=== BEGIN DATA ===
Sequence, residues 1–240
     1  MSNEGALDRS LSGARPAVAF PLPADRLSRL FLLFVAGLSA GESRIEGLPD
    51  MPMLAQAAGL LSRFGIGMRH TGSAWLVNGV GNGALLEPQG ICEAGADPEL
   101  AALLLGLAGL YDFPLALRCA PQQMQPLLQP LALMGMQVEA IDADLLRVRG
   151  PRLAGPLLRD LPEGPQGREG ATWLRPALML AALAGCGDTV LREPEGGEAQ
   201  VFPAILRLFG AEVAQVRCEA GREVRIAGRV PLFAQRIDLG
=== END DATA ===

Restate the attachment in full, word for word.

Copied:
Sequence, residues 1–240
     1  MSNEGALDRS LSGARPAVAF PLPADRLSRL FLLFVAGLSA GESRIEGLPD
    51  MPMLAQAAGL LSRFGIGMRH TGSAWLVNGV GNGALLEPQG ICEAGADPEL
   101  AALLLGLAGL YDFPLALRCA PQQMQPLLQP LALMGMQVEA IDADLLRVRG
   151  PRLAGPLLRD LPEGPQGREG ATWLRPALML AALAGCGDTV LREPEGGEAQ
   201  VFPAILRLFG AEVAQVRCEA GREVRIAGRV PLFAQRIDLG